##### A Simple Explanation Of The Legendary Math Problem That Was Just Cracked

Whenever a major leap is made in pure mathematics, the question always leads to “Cool, but what does this mean for *me*?”

Here’s what you want to know.

Shinichiu Mochizuki is a number theorist at Kyoto University.

He went to Philip Exeter Academy, one of the most prestigious High Schools in the country, and graduated in a brief two years. He entered Princeton University at age sixteen and left with a Ph. D at 22. He was a full professor by 33, an absurdly young age for academia. And now, this mathematical rock star may have just cracked one of the most important problems in his field.

In short, the abc conjecture — proposed in 1985 — explores the relationships between prime numbers.

It’s been described as the most important unsolved problem in Diophantine Analysis, a branch of mathematics that — by working with some of the most simple number systems (like ax + by = 1 or x^{n} + y^{n} = z^{n}) explores some of the deepest relationships in math.

So if you’re looking for an instant “real world application,” hit the back button — but if you want to see why one equation can tell us so much about how numbers work, read on.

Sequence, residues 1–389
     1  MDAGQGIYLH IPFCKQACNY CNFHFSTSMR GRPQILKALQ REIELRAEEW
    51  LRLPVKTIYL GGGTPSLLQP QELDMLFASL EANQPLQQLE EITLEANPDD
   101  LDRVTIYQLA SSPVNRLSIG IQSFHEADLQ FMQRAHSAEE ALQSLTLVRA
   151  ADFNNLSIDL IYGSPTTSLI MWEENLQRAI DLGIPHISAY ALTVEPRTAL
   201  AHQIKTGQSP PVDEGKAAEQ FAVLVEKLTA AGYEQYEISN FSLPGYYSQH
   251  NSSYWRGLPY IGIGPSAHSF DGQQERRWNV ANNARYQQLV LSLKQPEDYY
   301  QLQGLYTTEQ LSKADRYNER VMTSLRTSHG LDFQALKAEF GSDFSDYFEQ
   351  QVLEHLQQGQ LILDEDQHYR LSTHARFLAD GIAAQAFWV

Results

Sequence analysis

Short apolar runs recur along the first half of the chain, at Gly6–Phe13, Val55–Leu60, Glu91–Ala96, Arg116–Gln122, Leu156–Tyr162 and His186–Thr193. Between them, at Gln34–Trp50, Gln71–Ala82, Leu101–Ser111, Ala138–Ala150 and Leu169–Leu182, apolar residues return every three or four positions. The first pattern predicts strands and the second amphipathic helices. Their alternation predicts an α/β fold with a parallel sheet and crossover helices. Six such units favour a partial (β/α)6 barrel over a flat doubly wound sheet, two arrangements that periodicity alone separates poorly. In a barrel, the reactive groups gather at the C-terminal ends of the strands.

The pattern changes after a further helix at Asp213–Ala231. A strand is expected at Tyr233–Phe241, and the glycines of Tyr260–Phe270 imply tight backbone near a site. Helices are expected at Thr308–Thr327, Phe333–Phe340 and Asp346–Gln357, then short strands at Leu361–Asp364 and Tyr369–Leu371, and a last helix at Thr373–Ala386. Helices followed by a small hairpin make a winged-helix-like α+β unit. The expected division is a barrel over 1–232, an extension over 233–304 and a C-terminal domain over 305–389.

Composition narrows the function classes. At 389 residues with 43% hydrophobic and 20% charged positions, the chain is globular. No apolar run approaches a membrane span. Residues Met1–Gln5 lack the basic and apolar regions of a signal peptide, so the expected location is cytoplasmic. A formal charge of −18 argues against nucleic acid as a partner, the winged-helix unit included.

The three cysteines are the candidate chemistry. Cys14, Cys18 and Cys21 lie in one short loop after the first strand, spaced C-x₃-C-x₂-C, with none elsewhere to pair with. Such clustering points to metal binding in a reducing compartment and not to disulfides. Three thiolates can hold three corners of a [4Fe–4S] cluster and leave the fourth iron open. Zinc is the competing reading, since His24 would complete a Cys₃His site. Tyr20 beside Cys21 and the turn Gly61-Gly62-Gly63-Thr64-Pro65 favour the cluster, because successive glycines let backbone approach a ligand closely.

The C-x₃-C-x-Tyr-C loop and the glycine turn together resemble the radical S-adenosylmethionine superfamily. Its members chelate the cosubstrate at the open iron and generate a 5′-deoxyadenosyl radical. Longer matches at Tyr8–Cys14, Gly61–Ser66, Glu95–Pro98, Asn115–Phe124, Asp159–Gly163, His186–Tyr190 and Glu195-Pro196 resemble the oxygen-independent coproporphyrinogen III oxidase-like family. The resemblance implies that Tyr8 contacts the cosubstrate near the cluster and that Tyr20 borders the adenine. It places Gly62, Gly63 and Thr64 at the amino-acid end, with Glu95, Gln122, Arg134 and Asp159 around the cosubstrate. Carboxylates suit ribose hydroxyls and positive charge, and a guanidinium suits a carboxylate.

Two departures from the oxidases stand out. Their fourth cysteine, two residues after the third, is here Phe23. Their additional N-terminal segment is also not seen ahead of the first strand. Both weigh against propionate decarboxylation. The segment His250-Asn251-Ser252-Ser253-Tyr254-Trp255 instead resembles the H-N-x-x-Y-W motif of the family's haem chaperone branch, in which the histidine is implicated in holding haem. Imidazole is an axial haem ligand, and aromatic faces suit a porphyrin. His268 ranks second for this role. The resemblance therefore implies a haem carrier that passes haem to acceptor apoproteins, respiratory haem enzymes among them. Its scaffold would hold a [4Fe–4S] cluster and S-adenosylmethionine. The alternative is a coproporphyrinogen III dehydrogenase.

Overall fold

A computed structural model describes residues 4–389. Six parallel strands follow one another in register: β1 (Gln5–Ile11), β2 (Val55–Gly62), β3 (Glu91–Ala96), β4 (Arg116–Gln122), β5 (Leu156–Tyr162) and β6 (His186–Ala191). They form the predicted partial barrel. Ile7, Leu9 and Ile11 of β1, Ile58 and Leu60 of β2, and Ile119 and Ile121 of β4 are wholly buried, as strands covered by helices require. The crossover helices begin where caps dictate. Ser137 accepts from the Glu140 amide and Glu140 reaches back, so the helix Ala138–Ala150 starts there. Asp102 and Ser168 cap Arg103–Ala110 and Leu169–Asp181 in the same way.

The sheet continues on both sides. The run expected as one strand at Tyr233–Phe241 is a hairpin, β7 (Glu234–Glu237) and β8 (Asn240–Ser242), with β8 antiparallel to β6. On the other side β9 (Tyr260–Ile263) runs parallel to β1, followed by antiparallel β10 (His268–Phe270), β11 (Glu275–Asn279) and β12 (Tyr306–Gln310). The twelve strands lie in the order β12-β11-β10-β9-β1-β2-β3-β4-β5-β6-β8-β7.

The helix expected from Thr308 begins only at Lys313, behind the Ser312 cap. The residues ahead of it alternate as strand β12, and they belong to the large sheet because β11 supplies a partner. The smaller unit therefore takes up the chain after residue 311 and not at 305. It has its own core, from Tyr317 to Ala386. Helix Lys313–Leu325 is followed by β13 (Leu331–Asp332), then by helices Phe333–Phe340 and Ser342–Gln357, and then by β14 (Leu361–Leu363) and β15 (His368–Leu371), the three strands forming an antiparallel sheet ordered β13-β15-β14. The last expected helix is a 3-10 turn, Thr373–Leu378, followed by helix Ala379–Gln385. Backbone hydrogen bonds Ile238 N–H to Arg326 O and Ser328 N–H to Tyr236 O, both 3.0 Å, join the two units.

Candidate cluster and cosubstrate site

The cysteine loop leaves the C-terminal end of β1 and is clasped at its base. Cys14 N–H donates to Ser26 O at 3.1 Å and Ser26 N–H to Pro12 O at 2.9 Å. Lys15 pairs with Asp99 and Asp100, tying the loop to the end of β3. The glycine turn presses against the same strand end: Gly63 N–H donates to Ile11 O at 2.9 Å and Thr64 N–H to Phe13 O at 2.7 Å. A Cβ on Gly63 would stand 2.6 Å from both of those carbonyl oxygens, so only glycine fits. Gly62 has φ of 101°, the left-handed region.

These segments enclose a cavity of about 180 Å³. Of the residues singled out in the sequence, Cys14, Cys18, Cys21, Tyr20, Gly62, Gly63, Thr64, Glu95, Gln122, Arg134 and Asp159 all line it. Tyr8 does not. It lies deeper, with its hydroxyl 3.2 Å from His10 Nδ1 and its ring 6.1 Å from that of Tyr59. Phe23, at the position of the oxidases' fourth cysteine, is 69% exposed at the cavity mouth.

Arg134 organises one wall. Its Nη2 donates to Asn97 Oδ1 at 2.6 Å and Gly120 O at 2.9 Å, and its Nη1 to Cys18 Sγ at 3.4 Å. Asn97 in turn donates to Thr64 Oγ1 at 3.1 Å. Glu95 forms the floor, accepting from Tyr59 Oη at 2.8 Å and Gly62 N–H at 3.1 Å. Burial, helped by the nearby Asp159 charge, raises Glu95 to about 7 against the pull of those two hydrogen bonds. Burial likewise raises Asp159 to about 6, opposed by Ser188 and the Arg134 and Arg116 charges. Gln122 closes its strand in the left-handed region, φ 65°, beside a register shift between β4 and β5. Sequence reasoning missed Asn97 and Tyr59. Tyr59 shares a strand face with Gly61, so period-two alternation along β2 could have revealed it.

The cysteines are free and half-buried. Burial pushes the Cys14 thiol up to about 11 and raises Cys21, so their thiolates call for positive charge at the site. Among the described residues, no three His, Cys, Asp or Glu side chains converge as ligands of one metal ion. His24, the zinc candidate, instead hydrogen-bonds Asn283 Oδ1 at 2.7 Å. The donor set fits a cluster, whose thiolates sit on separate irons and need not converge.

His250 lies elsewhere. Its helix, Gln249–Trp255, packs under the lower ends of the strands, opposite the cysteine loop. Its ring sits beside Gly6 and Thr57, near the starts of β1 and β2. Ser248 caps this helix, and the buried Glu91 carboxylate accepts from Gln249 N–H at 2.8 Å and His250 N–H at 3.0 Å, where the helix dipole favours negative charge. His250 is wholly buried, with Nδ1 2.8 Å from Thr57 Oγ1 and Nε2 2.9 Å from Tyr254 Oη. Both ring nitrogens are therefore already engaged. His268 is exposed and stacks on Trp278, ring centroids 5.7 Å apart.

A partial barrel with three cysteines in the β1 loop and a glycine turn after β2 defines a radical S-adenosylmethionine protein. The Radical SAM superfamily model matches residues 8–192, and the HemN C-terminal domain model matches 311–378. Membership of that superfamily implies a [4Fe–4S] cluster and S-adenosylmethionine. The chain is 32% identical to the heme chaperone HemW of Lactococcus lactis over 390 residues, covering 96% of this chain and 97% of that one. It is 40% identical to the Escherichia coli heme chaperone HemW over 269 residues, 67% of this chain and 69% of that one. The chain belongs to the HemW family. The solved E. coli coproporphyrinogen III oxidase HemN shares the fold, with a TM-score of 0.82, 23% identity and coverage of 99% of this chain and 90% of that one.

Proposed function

The abc conjecture is as follows:

*Take three positive integers that have no common factor and where a + b = c. For instance, 5, 8, and 13.*

*Now take the distinct prime factors of these integers—in this case 2, 5, and 13—and multiply them to get a new number, d.*

*In most cases, like this one, d is larger than c. The conjecture states that in rare instances where d is smaller than c, it is usually very close to c. The conjecture also shows that there are a finite number of instances where d is smaller than c. *

Mochizuki claims to have cracked this conjecture in a 500-page proof.

Even if you didn’t catch all of that, solving this would be the necessary missing link for a dozen different, more advanced problems in Diophantine Analysis, including the legendary mathematical problem *Fermat’s Last Theorem*. If Mochizuki did successfully prove it, he may have singlehandedy moved his field forward two decades.

##### Travelling salesman problem

The **travelling salesman problem** (**TSP**) is an NP-hard problem in combinatorial optimization studied in operations research and theoretical computer science. Given a list of cities and their pairwise distances, the task is to find the shortest possible route that visits each city exactly once and returns to the origin city. It is a special case of the travelling purchaser problem.

The problem was first formulated as a mathematical problem in 1930 and is one of the most intensively studied problems in optimization. It is used as a benchmark for many optimization methods. Even though the problem is computationally difficult, a large number of heuristics and exact methods are known, so that some instances with tens of thousands of cities can be solved.